- June 2013, Colorado: $ 9,334,200 Verdict: A 66-year-old substitute teacher visited Kaiser Dermatology clinic with concerns of a facial lesion. The doctor only checks the upper half of her body and found nothing wrong. Two years later, she visited Kaiser Permanente’s after-hours clinic with concerns of a sore on her left heel that would not heal. They diagnosed her with cellulitis and prescribed her the antibiotic Keflex. Ten days later, she visited her primary care physician with the same concerns. The doctor gave her the same diagnosis and a prescription for Keflex. She returned the following month with the same complaints, and he once again gave her the same diagnosis and prescription. The woman spent the next five months carefully bandaging her heel and using antibiotic ointments to keep it from becoming infected. By the end of the fifth month, the sore had grown to double its size and was incredibly painful. Her physician referred her to the Kaiser Wound care department, but the woman still found herself visiting her physician weekly for six weeks before he referred her to the Kaiser Dermatology office. The referral was not expedited, and she was unable to get an appointment for two months. Before visiting the dermatology department, she returned to her physician and the wound care department claiming the wound was bleeding. The physician told her not to worry and did not document the complaint. When she was able to visit the dermatologist, the doctor’s assistant performed a shaved biopsy. It tested positive for melanoma. Further testing revealed that the melanoma was Stage 3 metastatic. She had to undergo a year and a half of debilitating and expensive treatments but unfortunately passed away from the melanoma. Her husband sued Kaiser Foundation Health Plan of Colorado and Colorado Permanente Medical Group for failing to check the lower half of the decedent’s body for skin cancer. He also sued her primary care physician for medical malpractice, claiming that he should have referred his wife for testing to determine the reasoning behind why a wound would not heal after three to six weeks. An oncology expert for the plaintiff testified that the melanoma was present during the initial body scan and would have been easily treatable had it been detected. Defendants denied all liability. An oncology expert for the defense testified that the decedent’s melanoma was rare and aggressive and was likely incurable at the time of her visit to the after-hours clinic. The matter carried on to the Denver County District Court where the jury found on behalf of the Plaintiff. They awarded the woman’s estate for $9,334,200.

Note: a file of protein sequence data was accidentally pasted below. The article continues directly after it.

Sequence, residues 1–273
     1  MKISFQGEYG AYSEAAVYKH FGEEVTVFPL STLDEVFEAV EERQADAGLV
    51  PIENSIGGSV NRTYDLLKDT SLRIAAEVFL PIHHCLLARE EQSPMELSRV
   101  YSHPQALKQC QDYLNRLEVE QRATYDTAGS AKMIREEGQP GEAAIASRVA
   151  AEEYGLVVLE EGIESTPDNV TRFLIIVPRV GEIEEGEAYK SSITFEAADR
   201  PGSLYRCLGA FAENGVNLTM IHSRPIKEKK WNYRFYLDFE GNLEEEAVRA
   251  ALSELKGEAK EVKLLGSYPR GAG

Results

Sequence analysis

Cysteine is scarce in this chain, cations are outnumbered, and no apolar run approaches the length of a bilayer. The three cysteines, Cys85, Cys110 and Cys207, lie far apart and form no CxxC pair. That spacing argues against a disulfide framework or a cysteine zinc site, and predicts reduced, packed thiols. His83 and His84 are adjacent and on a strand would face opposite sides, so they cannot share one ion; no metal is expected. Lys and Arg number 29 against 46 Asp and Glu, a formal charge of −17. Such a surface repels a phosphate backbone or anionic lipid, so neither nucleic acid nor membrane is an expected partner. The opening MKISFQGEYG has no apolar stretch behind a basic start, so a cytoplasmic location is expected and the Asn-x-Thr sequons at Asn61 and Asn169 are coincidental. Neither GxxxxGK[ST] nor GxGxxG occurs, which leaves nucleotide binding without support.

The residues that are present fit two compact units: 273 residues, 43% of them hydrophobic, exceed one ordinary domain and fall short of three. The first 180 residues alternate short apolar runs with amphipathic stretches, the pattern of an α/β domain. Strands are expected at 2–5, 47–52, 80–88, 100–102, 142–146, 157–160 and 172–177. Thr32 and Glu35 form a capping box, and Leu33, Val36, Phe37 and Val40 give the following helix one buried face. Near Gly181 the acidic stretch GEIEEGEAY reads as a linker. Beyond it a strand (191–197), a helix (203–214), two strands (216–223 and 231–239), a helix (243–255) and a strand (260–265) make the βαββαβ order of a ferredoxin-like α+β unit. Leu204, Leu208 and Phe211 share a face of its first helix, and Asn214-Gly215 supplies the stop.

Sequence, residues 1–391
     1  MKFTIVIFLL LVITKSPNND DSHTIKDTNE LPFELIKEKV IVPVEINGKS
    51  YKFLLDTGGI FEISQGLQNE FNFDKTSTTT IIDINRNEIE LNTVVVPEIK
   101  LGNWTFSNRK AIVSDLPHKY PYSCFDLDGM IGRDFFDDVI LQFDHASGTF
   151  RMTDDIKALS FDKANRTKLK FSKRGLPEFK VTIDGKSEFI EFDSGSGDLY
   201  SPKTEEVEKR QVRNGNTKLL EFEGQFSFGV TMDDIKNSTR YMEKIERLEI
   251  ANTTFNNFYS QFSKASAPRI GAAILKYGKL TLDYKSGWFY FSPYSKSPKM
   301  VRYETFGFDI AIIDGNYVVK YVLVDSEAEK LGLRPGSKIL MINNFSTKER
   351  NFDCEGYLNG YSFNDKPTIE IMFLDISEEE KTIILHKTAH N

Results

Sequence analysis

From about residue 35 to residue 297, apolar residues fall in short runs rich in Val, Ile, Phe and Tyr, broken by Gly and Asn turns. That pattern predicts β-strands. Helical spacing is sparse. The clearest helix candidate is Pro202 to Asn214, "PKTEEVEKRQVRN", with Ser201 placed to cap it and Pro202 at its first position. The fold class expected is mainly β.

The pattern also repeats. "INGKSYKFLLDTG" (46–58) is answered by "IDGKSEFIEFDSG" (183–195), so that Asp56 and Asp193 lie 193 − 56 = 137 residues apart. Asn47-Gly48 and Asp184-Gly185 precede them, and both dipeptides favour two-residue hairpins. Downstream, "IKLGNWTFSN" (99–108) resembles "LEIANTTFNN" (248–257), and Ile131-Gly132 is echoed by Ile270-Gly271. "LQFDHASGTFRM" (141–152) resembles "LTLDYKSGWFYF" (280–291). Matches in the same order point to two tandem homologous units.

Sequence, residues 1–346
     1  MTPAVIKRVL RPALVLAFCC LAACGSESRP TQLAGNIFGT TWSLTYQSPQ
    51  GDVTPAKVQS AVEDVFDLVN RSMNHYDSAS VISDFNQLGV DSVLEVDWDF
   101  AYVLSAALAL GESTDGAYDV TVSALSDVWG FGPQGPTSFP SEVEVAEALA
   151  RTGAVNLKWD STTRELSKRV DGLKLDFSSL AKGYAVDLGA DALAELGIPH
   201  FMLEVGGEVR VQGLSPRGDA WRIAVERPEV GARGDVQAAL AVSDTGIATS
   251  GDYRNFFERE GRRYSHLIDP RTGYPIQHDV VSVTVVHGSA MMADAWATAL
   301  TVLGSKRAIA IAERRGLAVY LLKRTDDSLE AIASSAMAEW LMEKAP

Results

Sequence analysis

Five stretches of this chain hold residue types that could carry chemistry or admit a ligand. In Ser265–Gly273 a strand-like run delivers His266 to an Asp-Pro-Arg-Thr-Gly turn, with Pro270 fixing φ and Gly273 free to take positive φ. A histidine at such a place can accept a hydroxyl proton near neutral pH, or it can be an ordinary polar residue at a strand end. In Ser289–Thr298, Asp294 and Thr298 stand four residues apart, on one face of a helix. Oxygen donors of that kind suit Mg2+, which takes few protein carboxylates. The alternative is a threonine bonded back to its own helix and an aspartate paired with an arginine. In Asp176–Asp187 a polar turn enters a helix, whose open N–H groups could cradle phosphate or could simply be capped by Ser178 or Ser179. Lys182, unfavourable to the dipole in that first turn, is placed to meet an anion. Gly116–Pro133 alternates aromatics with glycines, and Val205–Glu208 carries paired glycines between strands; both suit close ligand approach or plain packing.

- February 2012, New York: $ 15,000,000 Verdict: A 42-year-old homemaker visited a radiologist after she detected a mass in one of her breasts. A mammography was performed, and the radiologist determined that the size of the mass was not outside normal parameters and diagnosed the growth as a benign cyst. A follow-up examination was scheduled for the following year. Six months later, she was diagnosed with breast cancer after a physician discovered a tumor the size of a gold ball in the same breast. She had to undergo extensive and painful treatment, but unfortunately, the cancer spread to other areas of her body and her condition was considered terminal. The woman sued the radiologist for failing to diagnose her cancer, claiming the failure constituted medical malpractice. Plaintiff claimed that the radiologist did not fully investigate the nature of the mass and that a biopsy and sonogram should have been performed, which would have resulted in a diagnosis and prompt treatment. Defendant denied liability and claimed that he reasonably assumed the mass was a cyst, and the mammography’s results did not show a need for a biopsy or sonogram. After a twelve day trial, a jury found that the Defendant departed from the standard of care and awarded the Plaintiff $15,000,000.